A fair number of people have heard the term "triglycerides", but do not know all of the ins and outs of its meaning. Find out more about triglycerides.

A few basic notions

As we age, having blood work done that includes “good” (HDL) and “bad” (LDL) cholesterol levels becomes an integral part of health monitoring. Another element is measured during a blood test to assess cholesterol levels—triglycerides. These are fatty substances found in the blood. What roles do they play in the body?

Triglycerides make up the body’s fat reserves and can provide energy when needed. They come from two sources:

  • diet
  • liver production

When excess triglycerides are present in the blood, this is called hypertriglyceridemia. This problem can contribute to increasing the risk of cardiovascular diseases, such as:

  • myocardial infarction (heart attack)
  • cerebrovascular accident (CVA or stroke)

Very high levels of triglycerides can also cause other health problems such as pancreatitis, an inflammation of the pancreas.

The causes of hypertriglyceridemia

Hypertriglyceridemia may or may not be hereditary. Some of the causes that explain an elevation of triglycerides are:

  • alcohol consumption
  • obesity
  • sedentariness
  • a low-protein and high-sugar diet
  • poorly controlled diabetes
  • hypothyroidism
  • pregnancy
  • various kidney or liver diseases
  • certain drugs

If your triglyceride levels are high, ask your pharmacist if certain medications you take may contribute to the problem.

Treatment of hypertriglyceridemia

Making certain lifestyle changes may be sufficient if the degree of elevation of triglycerides is mild. Here are some measures to consider in this situation:

  • Lose weight.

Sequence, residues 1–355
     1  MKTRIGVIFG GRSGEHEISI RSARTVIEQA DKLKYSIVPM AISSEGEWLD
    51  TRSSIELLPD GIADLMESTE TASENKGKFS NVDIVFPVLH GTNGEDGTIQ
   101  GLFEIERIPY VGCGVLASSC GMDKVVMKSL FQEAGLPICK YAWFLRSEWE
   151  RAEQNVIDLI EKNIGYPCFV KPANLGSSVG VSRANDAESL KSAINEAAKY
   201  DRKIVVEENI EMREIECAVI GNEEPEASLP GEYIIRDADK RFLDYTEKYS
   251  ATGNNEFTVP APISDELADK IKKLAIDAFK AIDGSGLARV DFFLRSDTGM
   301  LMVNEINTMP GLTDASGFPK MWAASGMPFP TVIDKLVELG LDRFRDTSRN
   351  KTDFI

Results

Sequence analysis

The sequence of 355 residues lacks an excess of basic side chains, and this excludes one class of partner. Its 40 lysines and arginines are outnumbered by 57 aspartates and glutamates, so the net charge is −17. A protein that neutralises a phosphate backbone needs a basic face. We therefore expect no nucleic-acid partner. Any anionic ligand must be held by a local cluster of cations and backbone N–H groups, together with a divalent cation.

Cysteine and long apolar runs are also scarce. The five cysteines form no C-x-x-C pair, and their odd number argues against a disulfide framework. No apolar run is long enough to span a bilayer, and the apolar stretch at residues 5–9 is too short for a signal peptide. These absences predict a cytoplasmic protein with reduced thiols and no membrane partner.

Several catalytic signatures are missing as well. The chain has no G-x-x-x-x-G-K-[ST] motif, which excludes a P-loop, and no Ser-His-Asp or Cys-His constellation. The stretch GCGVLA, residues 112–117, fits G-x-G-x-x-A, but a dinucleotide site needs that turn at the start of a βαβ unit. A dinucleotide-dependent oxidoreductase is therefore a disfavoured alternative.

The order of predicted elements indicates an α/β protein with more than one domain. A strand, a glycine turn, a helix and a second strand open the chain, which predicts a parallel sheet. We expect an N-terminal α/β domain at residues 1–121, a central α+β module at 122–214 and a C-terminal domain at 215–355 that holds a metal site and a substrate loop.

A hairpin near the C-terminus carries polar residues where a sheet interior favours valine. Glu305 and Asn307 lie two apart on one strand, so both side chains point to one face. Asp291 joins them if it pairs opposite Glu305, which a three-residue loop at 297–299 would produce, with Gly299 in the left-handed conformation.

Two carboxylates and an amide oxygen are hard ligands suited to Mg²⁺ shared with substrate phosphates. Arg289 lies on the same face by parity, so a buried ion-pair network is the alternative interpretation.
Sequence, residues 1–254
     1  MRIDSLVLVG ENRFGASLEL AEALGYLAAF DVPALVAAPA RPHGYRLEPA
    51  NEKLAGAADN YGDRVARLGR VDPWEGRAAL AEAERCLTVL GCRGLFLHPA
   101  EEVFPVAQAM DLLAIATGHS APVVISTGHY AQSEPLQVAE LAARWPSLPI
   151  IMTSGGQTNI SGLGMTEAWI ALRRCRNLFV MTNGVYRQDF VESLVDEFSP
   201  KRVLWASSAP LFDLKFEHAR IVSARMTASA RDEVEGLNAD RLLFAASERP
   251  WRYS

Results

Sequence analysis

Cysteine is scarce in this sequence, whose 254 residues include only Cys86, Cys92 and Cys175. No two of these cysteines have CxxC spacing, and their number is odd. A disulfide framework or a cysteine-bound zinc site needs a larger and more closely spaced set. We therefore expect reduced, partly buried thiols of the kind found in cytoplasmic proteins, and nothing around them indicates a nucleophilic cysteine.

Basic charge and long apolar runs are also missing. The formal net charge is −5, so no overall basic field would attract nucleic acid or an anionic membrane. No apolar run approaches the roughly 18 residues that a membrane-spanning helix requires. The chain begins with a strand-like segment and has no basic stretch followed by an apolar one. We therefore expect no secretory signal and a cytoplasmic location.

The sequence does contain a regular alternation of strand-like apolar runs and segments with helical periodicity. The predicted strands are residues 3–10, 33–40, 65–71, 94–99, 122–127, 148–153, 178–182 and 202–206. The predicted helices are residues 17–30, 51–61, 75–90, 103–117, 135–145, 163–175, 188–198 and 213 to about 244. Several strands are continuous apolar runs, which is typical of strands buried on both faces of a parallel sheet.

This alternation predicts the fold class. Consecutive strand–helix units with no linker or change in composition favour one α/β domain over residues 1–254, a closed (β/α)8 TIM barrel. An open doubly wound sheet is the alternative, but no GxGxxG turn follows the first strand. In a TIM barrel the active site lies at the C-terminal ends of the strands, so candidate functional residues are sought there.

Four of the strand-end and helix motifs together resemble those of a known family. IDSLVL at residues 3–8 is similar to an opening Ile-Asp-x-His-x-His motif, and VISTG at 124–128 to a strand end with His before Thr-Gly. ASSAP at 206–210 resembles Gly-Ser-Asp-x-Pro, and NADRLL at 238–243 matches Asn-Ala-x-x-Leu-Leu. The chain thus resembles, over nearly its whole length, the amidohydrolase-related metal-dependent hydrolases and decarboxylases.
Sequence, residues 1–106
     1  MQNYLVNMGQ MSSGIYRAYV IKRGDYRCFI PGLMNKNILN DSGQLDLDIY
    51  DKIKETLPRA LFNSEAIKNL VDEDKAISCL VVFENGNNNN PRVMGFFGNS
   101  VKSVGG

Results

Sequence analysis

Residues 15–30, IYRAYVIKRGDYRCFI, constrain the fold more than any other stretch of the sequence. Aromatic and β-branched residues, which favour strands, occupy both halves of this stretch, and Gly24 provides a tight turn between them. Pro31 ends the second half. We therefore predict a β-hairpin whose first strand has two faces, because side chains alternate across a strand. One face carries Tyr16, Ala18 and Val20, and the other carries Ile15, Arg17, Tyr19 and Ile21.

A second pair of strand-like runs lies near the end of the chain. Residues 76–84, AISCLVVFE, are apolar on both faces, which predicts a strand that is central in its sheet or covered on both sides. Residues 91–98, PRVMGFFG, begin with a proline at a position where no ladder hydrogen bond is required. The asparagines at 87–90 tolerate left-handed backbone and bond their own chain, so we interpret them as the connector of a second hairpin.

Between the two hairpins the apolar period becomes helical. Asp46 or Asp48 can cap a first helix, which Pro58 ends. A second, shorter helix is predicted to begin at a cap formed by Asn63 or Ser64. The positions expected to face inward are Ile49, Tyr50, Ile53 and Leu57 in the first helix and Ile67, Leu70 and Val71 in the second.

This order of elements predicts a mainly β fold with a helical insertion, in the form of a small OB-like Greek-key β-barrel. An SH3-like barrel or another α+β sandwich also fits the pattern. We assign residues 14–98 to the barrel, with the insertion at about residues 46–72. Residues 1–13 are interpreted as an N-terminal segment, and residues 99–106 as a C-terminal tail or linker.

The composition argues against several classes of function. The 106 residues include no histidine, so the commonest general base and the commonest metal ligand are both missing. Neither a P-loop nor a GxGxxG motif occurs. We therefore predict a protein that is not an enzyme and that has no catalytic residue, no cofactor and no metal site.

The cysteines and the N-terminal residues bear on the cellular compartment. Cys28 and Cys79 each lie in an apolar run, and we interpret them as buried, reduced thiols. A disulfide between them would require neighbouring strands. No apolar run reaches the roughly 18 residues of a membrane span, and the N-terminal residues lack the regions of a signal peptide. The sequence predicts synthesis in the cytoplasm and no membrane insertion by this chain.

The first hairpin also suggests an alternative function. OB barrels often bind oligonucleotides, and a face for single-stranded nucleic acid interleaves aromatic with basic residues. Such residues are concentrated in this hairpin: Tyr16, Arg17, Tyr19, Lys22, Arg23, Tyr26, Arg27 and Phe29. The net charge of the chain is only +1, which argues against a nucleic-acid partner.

• Exercise regularly.
  • Reduce alcohol consumption to a maximum of two glasses a day if you are a man and one glass a day if you are a woman.
  • Reduce your consumption of foods and drinks that are high in sugar and carbohydrates (soft drinks, chocolate, pastries, bread, pasta, rice, etc.).
  • Reduce fat consumption (fried foods, oils, red meat, butter, cheese, other high-fat milk products, etc.).
  • Adequately control blood glucose (sugar levels in the blood) if you live with diabetes.

Nutrition has a significant influence on triglyceride levels. This is why it may be beneficial to consult a nutritionist.

It should also be noted that if the triglyceride levels in your blood is elevated, it is to your advantage to quit smoking.

If lifestyle changes are not enough, some medications can be prescribed to you. Here is some advice regarding medication:

  • Take your medication every day, as recommended by your pharmacist. Adherence to treatment is crucial in order to reap all of the benefits.
  • Ask your pharmacist to inform you about the most common adverse effects.
  • Speak to your pharmacist if you believe your treatment is causing an adverse effect.
  • Remember that it is normal not to feel any particular effect when taking this type of preventive treatment. Although its effects on your health go unnoticed, they are no less real!
  • Do not interrupt treatment without first having spoken to your doctor or pharmacist.

Remember that your pharmacist is always there to help you and to answer your questions concerning any health issues!


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A fair number of people have heard the term "triglycerides", but do not know all of the ins and outs of its meaning. Find out more about triglycerides.
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